When it comes to male victims, however, the definition of "self-defense" has generally been interpreted widely for women, and less so for men, says Santa Monica–based divorce lawyer David Pisarra, a vocal advocate for StopAbuseForEveryone.org who works with the LA Domestic Violence Council. "Self-defense is responsible force to prevent harm to oneself or another when you're in reasonable apprehension of harm," he says. "A lot of the [VAWA] legislation rose out of the horrific"—and highly publicized—"murder of Nicole Brown Simpson. It was such a seminal moment in our history because it provoked this consciousness about domestic violence. We are coming to a point now, though, where we have to deal with the other side of that."
The other side of that, he says, is when women commit domestic violence against men. Although it's less common, Pisarra brings up the very public case of Jodi Arias, a young woman who brutally murdered her ex-boyfriend, Travis Alexander. "[Alexander] had 27 stab wounds; he was almost beheaded and shot in the head. [That is] almost identical to what happened to Nicole Brown Simpson, yet nobody talks about Travis Alexander as a victim of domestic violence."
This is not necessarily for want of legislation, but more for most people's inability to wrap their heads around it. "The law says very clearly anybody who is being abused psychologically, emotionally, financially, sexually or physically, is entitled to a temporary restraining order and then they are entitled to a hearing to obtain a permanent restraining order," Pisarra says. A temporary restraining order is almost always granted by the judge, regardless of evidence, because, as Pisarra says, no judge wants to be the one who denied a victim a restraining order when something horrible or even fatal ends up happening. "All of this happens in an environment that says that women are not abusive—[and that] men are, by nature, abusive creatures and we need to protect women."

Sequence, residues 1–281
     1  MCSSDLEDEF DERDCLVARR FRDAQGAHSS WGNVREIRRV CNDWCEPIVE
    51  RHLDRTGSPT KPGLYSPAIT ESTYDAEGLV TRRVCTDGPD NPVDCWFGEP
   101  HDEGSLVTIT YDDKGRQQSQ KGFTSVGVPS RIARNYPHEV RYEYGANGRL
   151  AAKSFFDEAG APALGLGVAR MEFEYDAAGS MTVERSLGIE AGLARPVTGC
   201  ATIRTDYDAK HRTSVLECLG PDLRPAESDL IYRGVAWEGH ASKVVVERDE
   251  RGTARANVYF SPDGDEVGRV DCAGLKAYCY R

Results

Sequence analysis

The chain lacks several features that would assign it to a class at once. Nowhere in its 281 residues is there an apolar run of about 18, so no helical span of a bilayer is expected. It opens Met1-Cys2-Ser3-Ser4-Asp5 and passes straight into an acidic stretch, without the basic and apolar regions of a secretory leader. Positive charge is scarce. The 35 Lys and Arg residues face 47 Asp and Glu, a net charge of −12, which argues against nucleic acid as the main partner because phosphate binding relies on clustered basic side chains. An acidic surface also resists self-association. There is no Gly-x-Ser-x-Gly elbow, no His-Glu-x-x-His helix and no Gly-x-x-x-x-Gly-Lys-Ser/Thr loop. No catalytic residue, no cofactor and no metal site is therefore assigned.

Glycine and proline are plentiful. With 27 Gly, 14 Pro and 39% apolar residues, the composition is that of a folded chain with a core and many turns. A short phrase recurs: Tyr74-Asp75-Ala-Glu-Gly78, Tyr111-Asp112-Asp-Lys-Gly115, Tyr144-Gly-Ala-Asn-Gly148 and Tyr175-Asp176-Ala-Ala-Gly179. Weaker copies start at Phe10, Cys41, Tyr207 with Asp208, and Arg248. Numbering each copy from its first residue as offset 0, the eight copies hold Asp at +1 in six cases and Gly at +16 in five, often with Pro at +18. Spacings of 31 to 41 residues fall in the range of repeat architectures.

What kind of wimp guy has to go to the police to get a restraining order against his wife? Like, how much of a pussy are you?
Historically, there is a reason for this: Women and children have generally taken the abuse, while men have given it. According to the Bureau of Justice Statistics from 2005 report, "the majority (73%) of family violence victims were female. Females were 84% of spouse abuse victims and 86% of victims of abuse at the hands of a boyfriend or girlfriend." Furthermore, "males comprised 77% of suspected family violence offenders arrested in 2000." The NCADV reports 1 in 5 women will be severely physically abused in an intimate relationship, while 1 in 7 men will experience the same.
Nevertheless, these statistics still show that men experience domestic violence, too. But it is rarely reported, and often considered laughable if it is, because of gender stereotypes. Pisarra says that most men he works with do not consider what they had experienced "abuse" because they did not break any bones or get a black eye. "I had years of explaining to men in my office that this is unacceptable behavior," he says. "Being repeatedly beat with a hair dryer is abuse."
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And if they do recognize the abuse, the stigma against male domestic violence victims makes it more difficult for them to seek help. "What kind of wimp guy has to go to the police to get a restraining order against his wife? Like, how much of a pussy are you?" Pisarra says, sarcastically. What's more, he says, the reality of biological strength and the overbearing social stigma play a huge role in how the courts look at claims of abuse. Although all claims are reviewed on a case-by-case basis, as our definitions of gender, sexuality, and even intimacy become more progressive, traditional laws will have to adapt to new cultural understandings. Highly publicized cases of women committing domestic violence against men—like Ronda Rousey, as well as Hope Solo, Princess Love, Jodi Arias, and even Emma Roberts—are increasingly common in highlighting this unexpected gendered double standard. Although our ingrained notions of gender may make these instances difficult to comprehend, there is, according to Pisarra, ultimately a bottom line. "You can't hit anybody," he says. "That just isn't right."